And [Jesus] said to his disciples, “Temptations to sin are sure to come, but woe to the one through whom they come! It would be better for him if a millstone were hung around his neck and he were cast into the sea than that he should cause one of these little ones to sin. Pay attention to yourselves! If your brother sins, rebuke him, and if he repents, forgive him, and if he sins against you seven times in the day, and turns to you seven times, saying, ‘I repent,’ you must forgive him.” The apostles said to the Lord, “Increase our faith!” And the Lord said, “If you had faith like a grain of mustard seed, you could say to this mulberry tree, ‘Be uprooted and planted in the sea,’ and it would obey you. “Will any one of you who has a servant plowing or keeping sheep say to him when he has come in from the field, ‘Come at once and recline at table’? Will he not rather say to him, ‘Prepare supper for me, and dress properly, and serve me while I eat and drink, and afterward you will eat and drink’? Does he thank the servant because he did what was commanded? So you also, when you have done all that you were commanded, say, ‘We are unworthy servants; we have only done what was our duty.’ ”” (Luke 17:1–10, ESV)

Grace and peace to you from our Lord and Savior Jesus Christ.

The cartoon Agnus Day pictures Ted and Rick. Rick is standing with his cup of coffee, watching Ted frantically searching through his pockets. "What's the matter?" Rick says. "I think I lost my mustard seed!"

"I think I lost my mustard seed!" The disciples are saying that to Jesus. Jesus has tweaked them with the law. He's given them some examples where their faith falls short of God's expectations. He tells them that they will be tempted to sin. He tells them that if they are careless and cause their brothers in the faith to sin it would be better for them to be drowned in the sea. He tells them that they are to forgive seven times a day when their brother sins against them and asks for forgiveness. And they instantly see in themselves small faith. A faith unable to handle the temptations that are coming. A faith that could easily cause others to stumble. A faith that refuses to forgive. "Jesus! Increase our faith! We think we've lost our mustard seeds"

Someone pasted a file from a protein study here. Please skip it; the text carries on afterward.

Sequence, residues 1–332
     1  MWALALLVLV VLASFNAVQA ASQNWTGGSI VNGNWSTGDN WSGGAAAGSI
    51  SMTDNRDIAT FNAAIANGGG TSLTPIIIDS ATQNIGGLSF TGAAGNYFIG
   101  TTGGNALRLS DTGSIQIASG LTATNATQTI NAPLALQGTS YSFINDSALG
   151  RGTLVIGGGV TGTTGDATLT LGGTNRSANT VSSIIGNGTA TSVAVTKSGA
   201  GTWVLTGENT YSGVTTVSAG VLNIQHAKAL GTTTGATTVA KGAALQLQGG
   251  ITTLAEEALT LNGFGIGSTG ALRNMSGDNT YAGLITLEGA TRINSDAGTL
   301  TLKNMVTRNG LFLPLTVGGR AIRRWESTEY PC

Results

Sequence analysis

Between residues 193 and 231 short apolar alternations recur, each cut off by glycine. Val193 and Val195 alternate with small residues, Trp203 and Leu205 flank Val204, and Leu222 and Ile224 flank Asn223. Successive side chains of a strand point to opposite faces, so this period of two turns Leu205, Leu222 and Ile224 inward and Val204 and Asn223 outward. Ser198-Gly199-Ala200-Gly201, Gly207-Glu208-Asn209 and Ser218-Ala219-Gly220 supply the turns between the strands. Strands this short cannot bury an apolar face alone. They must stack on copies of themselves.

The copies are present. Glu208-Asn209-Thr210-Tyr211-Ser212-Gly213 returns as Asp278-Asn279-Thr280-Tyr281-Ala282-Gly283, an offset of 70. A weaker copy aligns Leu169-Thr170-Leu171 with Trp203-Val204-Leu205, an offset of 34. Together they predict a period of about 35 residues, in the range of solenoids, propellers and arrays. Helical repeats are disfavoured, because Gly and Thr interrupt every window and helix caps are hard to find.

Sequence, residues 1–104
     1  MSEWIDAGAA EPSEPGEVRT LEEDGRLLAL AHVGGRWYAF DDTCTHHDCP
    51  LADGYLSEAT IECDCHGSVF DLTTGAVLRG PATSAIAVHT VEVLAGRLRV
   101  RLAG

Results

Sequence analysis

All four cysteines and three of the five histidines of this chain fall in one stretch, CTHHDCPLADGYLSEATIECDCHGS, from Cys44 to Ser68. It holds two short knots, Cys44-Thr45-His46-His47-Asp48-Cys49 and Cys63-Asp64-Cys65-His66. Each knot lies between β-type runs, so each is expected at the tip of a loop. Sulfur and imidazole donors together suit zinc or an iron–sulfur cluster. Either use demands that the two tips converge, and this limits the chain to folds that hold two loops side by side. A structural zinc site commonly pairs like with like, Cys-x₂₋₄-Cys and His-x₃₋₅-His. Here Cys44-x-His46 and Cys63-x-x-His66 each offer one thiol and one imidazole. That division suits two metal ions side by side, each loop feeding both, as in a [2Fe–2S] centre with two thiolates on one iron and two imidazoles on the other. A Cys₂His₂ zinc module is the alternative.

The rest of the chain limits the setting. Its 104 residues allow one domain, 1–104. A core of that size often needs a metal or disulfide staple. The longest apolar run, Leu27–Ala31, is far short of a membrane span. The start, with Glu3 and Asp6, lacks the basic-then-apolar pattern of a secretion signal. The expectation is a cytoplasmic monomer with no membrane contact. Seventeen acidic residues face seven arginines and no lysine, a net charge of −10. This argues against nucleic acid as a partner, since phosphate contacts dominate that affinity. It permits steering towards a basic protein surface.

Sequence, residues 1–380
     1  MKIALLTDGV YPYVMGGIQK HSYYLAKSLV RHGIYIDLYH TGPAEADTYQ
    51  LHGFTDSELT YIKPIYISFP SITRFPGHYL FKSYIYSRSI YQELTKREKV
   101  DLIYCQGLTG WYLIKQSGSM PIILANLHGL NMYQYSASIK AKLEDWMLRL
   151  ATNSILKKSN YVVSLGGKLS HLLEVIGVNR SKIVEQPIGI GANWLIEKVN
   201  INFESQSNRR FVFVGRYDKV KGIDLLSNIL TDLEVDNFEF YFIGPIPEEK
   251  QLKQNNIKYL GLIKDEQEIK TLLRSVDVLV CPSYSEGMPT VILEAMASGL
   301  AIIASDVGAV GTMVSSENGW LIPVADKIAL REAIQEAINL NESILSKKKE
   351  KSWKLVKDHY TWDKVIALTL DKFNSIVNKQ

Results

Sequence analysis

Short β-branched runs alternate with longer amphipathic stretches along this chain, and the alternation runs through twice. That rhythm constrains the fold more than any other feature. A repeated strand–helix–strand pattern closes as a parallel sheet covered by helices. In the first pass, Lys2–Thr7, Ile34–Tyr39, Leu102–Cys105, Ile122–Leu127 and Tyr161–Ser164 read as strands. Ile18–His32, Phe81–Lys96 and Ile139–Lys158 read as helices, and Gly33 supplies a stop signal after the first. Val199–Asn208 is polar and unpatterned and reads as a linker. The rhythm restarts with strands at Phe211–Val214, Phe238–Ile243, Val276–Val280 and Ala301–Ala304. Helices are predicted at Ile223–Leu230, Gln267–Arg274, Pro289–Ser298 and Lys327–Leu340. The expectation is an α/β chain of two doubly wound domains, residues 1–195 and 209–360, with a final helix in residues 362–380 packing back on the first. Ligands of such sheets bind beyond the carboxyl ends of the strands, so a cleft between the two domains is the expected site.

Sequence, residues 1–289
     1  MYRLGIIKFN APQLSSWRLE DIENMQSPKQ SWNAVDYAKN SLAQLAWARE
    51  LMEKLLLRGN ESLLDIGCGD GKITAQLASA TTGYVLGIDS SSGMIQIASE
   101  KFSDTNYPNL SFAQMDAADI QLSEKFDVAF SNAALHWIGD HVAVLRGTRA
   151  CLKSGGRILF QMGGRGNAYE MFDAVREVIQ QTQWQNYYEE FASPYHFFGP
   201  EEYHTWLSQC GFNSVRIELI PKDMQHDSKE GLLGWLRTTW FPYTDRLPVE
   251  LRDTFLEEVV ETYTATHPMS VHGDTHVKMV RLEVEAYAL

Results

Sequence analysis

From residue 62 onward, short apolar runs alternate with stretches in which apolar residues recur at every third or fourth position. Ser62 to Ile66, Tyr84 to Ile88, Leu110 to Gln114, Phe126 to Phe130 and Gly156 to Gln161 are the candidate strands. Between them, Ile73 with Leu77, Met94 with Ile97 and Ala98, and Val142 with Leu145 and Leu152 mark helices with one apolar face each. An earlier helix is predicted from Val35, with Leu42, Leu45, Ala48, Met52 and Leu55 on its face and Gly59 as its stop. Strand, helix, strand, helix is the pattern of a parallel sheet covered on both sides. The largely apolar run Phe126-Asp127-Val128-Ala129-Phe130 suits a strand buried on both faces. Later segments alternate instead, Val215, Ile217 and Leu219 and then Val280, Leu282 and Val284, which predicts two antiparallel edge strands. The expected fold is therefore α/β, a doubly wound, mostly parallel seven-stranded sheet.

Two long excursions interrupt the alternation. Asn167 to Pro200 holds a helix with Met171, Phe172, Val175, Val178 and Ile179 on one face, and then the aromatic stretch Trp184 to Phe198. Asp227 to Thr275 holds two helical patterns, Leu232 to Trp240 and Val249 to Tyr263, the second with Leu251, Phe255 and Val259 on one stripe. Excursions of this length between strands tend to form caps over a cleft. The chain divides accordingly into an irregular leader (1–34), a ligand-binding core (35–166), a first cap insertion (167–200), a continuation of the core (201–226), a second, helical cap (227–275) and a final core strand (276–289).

Jesus uses the comparison of faith and the mustard seed. But I want you to look at the text very closely. And listen while I read it again.
If you had faith like a grain of mustard seed, you could say to this mulberry tree, ‘Be uprooted and planted in the sea,’ and it would obey you.

What is it that you heard that I didn't read? It's likely that you heard "if you had faith as small as a grain of mustard." But that's not what Jesus says. He's referring to the parable he told earlier. Listen to it from St. Matthew's Gospel:
[Jesus] put another parable before them, saying, “The kingdom of heaven is like a grain of mustard seed that a man took and sowed in his field. It is the smallest of all seeds, but when it has grown it is larger than all the garden plants and becomes a tree, so that the birds of the air come and make nests in its branches.”” (Matthew 13:31–32, ESV)